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In 1972, the federal justice system of the United States rejected the Durham rule, which advocated that the criminal act was caused by a perpetrator's mental illness; if this could be proven beyond a reasonable doubt by the prosecutor, the defendant would not be held accountable for his or her actions. In its place, the federal justice system installed the 1972 Brawner Test, which was largely based on an insanity rule found in the model penal code (MPC) of 1962. This was used by approximately one half of the states but has been held in disfavor and restricted in its use since the trial of John Hinckley, the attempted assassin of former President Reagan.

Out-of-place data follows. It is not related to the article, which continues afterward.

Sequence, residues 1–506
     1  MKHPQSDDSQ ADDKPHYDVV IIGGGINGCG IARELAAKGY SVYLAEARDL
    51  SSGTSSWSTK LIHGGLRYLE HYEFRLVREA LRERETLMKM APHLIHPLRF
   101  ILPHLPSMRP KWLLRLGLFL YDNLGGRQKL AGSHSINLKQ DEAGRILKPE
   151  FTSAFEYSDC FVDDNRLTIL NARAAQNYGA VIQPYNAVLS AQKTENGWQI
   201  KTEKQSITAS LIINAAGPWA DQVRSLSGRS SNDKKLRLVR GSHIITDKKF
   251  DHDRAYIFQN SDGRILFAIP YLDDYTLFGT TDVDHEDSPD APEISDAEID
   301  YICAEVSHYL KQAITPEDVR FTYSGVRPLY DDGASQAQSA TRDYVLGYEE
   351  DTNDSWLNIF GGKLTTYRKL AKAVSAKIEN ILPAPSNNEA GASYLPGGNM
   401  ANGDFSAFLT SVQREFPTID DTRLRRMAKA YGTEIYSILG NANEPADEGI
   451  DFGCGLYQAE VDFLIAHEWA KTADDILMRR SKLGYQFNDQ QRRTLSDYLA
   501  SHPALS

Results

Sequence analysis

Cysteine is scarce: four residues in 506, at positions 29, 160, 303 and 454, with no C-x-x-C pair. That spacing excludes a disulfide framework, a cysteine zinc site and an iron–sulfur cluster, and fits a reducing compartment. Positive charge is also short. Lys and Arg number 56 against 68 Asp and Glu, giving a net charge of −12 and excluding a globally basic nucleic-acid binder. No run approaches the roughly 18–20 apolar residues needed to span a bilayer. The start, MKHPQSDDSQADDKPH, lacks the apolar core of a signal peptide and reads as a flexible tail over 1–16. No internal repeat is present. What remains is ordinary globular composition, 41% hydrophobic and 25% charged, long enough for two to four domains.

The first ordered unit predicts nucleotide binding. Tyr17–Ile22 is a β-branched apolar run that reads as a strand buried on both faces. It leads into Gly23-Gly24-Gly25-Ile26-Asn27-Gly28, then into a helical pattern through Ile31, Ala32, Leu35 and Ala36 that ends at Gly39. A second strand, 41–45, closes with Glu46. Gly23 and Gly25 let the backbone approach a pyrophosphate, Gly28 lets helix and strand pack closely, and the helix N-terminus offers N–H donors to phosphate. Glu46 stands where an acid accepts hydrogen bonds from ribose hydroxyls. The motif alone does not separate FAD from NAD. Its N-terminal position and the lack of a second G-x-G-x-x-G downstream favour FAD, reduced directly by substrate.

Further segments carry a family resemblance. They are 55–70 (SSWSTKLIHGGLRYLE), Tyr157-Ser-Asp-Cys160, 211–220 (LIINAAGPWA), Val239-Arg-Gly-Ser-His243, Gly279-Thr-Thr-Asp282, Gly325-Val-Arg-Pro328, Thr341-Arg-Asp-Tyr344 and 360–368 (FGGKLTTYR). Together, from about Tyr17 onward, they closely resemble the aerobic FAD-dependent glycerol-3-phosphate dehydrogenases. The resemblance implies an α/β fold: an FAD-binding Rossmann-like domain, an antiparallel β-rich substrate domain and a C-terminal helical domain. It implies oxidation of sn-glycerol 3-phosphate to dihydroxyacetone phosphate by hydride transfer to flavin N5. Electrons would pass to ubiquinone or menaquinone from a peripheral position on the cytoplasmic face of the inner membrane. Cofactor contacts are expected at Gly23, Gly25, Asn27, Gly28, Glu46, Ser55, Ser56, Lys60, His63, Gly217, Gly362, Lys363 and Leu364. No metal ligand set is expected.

The Brawner Test originated in the case law of United States v. ...

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